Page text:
Amanda Francoeur, firstname.lastname@example.org
TEMPE, Ariz. – Researchers at Arizona State University have found yet another culprit in the onslaught of global warming – and it’s called brown carbon.
Taking brown carbon into account in global circulation models, which previously were based only on estimated amounts of black carbon (soot) and other aerosol pollutants, may offer a more sensitive model for forecasting increases in the Earth’s temperature. The findings were published in the Aug. 8, 2008 issue of Science.
A cluster of carbonaceous aerosol particles was captured using carbon netting. The brown carbon particle is the large sphere, whereas the black carbon aggregate comprises much smaller particles. Including brown carbon in existing climate models will help researchers more accurately forecast temperature changes caused by global warming.
The brown carbon, which consists of carbonaceous aerosol particles, typically transpires from man-made sources such as fossil fuel combustion. Unlike greenhouse gases, which spread throughout the Earth’s troposphere (lower level of the atmosphere) and last for several years, aerosols have a short life span and remain only over regions where they are produced.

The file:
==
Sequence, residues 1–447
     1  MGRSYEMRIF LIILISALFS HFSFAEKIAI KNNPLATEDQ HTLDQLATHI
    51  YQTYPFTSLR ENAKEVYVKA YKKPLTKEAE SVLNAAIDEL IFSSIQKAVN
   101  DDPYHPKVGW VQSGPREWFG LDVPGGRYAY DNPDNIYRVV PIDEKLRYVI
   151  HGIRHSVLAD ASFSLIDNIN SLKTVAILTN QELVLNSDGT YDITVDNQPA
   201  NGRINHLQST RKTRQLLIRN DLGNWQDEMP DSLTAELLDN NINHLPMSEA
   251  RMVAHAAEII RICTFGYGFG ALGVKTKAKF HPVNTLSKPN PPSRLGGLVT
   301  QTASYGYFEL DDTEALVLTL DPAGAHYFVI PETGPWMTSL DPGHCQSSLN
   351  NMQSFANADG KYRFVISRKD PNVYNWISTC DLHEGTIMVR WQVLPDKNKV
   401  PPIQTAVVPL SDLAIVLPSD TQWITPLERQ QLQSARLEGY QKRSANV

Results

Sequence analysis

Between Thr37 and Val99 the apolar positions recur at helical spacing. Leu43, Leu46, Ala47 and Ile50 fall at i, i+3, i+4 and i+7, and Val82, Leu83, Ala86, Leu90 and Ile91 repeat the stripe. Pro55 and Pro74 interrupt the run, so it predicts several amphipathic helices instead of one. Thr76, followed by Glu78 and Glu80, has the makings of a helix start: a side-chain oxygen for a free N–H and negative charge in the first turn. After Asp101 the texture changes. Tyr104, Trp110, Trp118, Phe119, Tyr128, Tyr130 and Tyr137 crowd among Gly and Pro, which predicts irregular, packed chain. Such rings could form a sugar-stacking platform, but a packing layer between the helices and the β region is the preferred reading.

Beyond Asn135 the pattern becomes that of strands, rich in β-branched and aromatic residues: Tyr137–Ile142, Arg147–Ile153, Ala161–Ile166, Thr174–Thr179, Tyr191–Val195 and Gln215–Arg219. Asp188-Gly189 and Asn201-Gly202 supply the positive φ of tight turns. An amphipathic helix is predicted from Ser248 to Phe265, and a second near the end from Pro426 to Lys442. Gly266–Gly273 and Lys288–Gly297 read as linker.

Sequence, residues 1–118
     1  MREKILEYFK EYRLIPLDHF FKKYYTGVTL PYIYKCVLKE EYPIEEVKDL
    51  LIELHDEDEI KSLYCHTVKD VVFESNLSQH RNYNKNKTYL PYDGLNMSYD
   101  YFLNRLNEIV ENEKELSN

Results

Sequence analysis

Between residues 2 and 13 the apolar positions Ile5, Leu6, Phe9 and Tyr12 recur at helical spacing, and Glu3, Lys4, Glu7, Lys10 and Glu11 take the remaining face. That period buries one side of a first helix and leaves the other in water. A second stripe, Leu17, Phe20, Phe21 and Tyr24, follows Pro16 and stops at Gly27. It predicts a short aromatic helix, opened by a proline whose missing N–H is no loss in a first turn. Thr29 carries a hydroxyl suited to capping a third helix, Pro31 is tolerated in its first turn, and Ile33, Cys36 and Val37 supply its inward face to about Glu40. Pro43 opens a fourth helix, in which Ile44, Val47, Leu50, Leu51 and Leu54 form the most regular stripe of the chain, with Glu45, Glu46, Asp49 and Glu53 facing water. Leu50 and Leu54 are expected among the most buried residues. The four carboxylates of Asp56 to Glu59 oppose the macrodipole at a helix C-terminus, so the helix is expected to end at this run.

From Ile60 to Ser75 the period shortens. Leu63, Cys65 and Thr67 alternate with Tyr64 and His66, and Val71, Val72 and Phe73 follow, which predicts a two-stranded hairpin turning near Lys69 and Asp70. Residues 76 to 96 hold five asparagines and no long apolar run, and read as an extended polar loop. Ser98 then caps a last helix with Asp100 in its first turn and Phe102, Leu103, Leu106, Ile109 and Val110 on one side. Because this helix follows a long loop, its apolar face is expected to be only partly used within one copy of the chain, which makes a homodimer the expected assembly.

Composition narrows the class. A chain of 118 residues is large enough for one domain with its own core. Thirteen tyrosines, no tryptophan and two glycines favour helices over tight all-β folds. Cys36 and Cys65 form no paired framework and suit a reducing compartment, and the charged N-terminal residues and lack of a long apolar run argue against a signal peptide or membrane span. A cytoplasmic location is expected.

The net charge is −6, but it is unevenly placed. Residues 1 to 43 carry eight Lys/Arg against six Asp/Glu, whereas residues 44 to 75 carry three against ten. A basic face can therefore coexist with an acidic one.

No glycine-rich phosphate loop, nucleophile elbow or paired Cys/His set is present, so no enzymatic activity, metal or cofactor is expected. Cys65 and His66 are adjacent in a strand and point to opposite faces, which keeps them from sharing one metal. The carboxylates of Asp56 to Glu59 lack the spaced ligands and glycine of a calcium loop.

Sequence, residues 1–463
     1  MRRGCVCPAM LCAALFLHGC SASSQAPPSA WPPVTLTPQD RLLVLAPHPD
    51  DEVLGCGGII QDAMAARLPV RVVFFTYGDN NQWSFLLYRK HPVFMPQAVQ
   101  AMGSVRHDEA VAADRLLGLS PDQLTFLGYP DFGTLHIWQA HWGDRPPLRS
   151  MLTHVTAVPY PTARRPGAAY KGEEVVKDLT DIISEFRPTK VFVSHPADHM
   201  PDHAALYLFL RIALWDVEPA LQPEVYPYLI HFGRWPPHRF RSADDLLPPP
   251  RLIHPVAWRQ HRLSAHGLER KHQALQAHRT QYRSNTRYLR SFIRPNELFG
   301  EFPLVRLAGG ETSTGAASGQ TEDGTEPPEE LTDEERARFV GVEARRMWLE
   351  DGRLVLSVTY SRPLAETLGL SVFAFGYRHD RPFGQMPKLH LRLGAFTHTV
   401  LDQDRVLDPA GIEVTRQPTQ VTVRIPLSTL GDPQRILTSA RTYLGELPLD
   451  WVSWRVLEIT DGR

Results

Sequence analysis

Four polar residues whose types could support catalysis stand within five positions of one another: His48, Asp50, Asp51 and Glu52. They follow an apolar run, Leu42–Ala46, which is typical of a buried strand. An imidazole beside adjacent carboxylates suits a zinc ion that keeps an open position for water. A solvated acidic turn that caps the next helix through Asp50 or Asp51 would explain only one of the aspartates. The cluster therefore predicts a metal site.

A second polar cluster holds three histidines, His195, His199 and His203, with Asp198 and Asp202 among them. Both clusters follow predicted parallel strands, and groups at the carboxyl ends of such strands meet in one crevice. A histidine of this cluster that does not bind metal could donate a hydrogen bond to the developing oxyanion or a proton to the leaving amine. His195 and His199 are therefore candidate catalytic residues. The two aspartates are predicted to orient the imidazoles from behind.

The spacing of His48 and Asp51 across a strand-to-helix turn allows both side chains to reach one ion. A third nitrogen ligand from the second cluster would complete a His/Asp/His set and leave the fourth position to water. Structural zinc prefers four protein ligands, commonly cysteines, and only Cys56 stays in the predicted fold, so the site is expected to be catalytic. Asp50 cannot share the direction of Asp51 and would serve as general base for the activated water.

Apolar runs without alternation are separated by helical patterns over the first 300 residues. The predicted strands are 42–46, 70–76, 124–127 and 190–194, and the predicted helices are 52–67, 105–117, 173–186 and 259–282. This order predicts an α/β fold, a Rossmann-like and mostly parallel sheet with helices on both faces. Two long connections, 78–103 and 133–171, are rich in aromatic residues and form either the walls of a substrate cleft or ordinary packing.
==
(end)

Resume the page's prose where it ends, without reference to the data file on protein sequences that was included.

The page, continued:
The investigators discovered the brown carbon by studying the optical absorption of ambient aerosols from East Asia using a transmission electron microscopy technique. The method couples information from the microscope’s monochromated electron source with electron energy-loss spectroscopy. “One advantage of this technique is that it permits us to characterize individual particles in a sample so there is no averaging, and you can perform a precise identification of aerosol species,” said Peter A. Crozier, an associate professor in the university’s School of Materials program.
However, the method comes with a few downsides: It isn’t automated, and sampling statistics are limited, Crozier noted.
Other methods determine only average light emissions produced by a group of particles; techniques such as laser scattering can measure optical properties using only a few wavelengths at a time. The electron microscopy technique can measure refractive indices from <400 to 1200 nm, fully encompassing the visible spectrum.
The researchers found that, unlike black carbons, which absorb light uniformly across the visible spectrum, brown carbons absorb light more in the blue, at a wavelength of 550 nm, and weakly in the red, constituting its brown color. These results indicate that brown carbon is a separate entity from black and from other weakly absorbing carbons.
According to Crozier, there are in fact many types of brown carbon, and those with deeper color absorb more light and produce more heat. The researchers say that climate prediction models must take into account these brown carbons because including only black carbon models might lead to an overestimation of temperature changes.